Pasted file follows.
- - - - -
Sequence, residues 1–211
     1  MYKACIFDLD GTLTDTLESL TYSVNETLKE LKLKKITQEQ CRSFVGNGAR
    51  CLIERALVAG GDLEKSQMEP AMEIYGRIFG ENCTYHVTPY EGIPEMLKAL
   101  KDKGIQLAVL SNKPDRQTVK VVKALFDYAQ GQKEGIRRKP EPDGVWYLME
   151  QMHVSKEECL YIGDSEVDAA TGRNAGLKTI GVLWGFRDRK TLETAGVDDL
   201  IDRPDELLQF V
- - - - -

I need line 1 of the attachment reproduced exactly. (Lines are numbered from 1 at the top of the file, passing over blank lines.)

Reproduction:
Sequence, residues 1–211